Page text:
Doing by Not Doing

Posted by jlubans on December 16, 2018

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Caption: Who’s in charge?

A recent TED Talk,Lead Like the Great Conductors” by Itay Talgam claims, rightly so, that the way conductors lead is relevant to non-musical bosses.
Talgam, a former conductor, is now a self-professed “conductor of people in business.”
I’ve long been interested in the topic, e.g. my articles about how Simone Young led her orchestras when she was in Sydney, Australia and then in Hamburg, Germany. My book, Leading from the Middle, has a chapter on Simone.
I found her to be a splendid example of a collaborative conductor: her’s was a partnership with the musicians. I never observed her browbeating anyone or refusing to see an opposing view.
While she may well have been the brightest person in the room, I never got the sense that she would reject other musical views simply because she knew best.
Talgam, in the TED talk, shows via video well known successful conductors. The first is Carlos Kleiber who with his body language appears to invite the musicians’ continuous involvement in making the music. How hands off is he? Hard to tell but he does seem to enjoy very much the sound he is hearing and the musicians do see his enjoyment.
Perhaps they build on that.
I might call Kleiber’s leadership style laissez faire. If you have very good people in your organization who want freedom and accept responsibility the hands-off approach might get very good results.
In counter point, Talgam is not so impressed with conductors like the controlling Ricardo Muti, nor the distant Richard Strauss nor Herbert von Karajan, who we see with eyes closed simply enjoying the music and expecting the musicians to keep at it with zero intervention from the podium.
Muti is unquestionably an autocrat. I am not sure how to characterize in management talk the other two. But, before we dismiss the command and control conductor type, remember there are people (many or few depending on the organization) who want to be told what to do. They do not want to think for themselves - it's not in their job description, as they will remind you.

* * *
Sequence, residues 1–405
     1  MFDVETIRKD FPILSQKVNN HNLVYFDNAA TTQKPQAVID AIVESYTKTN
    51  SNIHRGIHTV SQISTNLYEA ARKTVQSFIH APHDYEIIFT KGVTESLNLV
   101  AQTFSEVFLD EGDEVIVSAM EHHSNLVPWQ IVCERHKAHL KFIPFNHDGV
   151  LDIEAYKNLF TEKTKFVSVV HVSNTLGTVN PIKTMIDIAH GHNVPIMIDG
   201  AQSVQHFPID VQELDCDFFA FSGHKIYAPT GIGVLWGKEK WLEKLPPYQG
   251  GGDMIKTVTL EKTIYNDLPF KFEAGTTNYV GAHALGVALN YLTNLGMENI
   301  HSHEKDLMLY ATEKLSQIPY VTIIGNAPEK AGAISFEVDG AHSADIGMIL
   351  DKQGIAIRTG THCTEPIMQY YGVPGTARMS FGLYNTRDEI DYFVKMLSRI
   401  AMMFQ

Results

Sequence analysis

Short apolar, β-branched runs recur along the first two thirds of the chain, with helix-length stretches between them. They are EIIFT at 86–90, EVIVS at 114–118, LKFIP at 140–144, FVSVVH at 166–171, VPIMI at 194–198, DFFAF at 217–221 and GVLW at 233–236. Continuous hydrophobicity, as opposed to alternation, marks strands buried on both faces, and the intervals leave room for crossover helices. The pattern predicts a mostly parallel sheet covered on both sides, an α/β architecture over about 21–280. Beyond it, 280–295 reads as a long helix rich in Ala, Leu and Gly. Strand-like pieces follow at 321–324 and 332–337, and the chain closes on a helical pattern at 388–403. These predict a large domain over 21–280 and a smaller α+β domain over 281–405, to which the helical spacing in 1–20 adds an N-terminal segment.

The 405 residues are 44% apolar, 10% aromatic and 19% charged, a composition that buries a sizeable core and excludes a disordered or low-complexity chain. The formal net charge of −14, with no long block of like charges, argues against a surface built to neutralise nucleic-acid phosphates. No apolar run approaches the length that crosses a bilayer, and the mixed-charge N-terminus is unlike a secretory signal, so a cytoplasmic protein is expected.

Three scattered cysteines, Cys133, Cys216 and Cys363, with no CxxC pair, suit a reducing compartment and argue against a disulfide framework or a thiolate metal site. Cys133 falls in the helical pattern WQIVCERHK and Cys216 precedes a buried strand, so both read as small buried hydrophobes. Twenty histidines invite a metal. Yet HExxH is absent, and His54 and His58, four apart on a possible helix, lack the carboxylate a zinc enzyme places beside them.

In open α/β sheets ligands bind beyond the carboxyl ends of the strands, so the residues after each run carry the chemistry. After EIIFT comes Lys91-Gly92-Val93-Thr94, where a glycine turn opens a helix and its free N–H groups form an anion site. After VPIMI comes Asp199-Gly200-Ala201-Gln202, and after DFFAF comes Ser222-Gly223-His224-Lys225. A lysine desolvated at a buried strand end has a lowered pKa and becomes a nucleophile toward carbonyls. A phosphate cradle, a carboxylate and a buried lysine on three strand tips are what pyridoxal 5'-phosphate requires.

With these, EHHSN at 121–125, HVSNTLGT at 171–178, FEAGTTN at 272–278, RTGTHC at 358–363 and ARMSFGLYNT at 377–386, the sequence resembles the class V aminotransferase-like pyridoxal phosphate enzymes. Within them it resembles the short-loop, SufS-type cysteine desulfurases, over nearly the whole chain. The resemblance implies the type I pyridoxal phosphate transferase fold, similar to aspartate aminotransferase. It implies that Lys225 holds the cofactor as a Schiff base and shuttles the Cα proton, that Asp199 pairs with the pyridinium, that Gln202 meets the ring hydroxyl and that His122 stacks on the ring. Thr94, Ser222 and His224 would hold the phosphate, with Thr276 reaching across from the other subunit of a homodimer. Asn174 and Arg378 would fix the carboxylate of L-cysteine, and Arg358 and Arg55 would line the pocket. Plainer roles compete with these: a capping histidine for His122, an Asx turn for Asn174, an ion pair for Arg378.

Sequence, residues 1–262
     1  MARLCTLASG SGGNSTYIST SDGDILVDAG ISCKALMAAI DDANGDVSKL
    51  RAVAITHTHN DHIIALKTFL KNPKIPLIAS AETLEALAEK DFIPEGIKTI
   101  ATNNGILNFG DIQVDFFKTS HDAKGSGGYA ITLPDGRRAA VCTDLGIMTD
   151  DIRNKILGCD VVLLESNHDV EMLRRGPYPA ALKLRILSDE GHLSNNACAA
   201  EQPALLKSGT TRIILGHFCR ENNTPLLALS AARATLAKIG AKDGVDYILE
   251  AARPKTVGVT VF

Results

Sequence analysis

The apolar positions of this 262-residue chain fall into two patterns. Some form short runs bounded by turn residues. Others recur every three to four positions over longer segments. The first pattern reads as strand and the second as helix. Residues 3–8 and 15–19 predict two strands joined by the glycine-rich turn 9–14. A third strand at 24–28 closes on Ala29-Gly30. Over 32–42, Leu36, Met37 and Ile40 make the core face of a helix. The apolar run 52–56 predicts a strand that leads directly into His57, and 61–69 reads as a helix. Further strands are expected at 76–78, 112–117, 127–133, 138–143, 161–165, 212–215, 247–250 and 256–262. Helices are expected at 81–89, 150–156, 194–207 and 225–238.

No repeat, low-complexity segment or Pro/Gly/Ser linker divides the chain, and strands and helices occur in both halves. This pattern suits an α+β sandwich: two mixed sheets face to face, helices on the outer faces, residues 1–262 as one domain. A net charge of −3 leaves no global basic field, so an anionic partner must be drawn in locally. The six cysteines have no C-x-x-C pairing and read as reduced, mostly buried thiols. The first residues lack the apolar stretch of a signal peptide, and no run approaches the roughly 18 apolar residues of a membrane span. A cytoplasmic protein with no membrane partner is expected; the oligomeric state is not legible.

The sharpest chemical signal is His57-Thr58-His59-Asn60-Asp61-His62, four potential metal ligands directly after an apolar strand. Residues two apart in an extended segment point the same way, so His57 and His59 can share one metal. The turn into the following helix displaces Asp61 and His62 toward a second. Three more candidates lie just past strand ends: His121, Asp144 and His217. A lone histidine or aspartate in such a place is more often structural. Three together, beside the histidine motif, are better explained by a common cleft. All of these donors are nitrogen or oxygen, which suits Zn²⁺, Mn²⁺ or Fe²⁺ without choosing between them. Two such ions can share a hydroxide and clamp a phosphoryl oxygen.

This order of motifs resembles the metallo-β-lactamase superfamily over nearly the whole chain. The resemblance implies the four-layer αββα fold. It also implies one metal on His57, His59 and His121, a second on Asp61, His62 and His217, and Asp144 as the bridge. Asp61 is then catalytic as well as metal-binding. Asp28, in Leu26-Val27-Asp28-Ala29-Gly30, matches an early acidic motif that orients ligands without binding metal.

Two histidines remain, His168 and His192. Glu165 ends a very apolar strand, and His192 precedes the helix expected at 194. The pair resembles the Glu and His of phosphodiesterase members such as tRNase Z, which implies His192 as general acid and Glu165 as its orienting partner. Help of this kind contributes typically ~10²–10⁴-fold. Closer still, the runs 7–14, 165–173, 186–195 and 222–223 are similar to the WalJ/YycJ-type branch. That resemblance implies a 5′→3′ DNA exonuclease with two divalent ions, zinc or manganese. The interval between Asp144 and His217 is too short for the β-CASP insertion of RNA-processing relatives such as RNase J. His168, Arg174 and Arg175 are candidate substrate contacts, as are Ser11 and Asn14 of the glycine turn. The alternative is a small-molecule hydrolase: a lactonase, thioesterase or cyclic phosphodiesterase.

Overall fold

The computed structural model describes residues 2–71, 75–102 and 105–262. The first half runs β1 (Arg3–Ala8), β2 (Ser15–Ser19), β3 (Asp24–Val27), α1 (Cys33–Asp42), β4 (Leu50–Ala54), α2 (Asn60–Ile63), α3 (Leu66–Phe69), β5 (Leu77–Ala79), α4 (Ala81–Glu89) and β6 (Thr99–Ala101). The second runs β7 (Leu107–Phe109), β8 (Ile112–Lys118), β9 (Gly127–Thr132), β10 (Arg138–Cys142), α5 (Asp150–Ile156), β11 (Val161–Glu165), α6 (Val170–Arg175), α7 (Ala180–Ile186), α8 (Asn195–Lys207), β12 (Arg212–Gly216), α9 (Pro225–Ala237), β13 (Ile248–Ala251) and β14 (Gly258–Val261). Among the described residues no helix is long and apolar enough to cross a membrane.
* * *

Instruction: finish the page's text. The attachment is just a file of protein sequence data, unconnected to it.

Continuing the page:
And, rehearsals would likely see a very different – versus the actual performance - musical leadership from Strauss and von Karajan. I like to think that neither conducted rehearsals with their eyes closed.
Also, I am certain Muti laid down the law as to what the sound and tempo were going to be. Any problem with that?
Talgam’s ideal conductor is “Lenny” – his nickname for his mentor - Leonard Bernstein.
Indeed Mr. Bernstein does empower his musicians so that they apparently do achieve very good music. Possibly, Mr. Bernstein is a democratic leader.
Talgam’s TED talk features a video of Lenny letting go completely, we are led to believe. He puts down his baton and simply uses facial expressions to show his delight with what he is hearing. This we are told is a perfect example of “Doing by Not Doing”, the Taoist paradox.
Talgam fails to mention the conductor-less Orpheus Chamber Orchestra (depicted above). There’s a relevant quote from Herbert von Karajan :
"The worst damage I can do to my orchestra is to give them a clear instruction. Because that would prevent the 'ensemble', the listening to each other that is needed for an orchestra."
Listening to each other is wha the egalitarian Orpheus does better than any other orchestra.
At one Orpheus rehearsal I met a student conductor. He told me that observing an Orpheus rehearsal taught him more about conducting than his classes did!
The Talgam tape of Mr. Bernstein letting go of the reins, so to speak, reminded me of something that happened when the violinist Itzhak Perlman guested one night with Orpheus at Lincoln Center.
Most guest artists enjoy playing with Orpheus since doing so gives them unprecedented freedom of expression. If there’s a conductor involved, regardless of who, there will be constraints.
Unlike Mr. Bernstein and his facial expressions, when Perlman sat out a piece - telling the audience that Orpheus was fully capable in DIY mode - he sat there, fiddled with the sheet music, pulled up his socks all the while simply enjoying the music. This was really doing by not doing!
When I show the Lincoln Center tape, some of my students fail to see this, and criticize Perlman for being a distraction. Hardly, he truly lets go and Orpheus fails him not.
Perlman looks truly apart from the music, leading by not leading at all. He sees the musicians as they are – no pandering or patronizing or permission giving.

© Copyright John Lubans 2018


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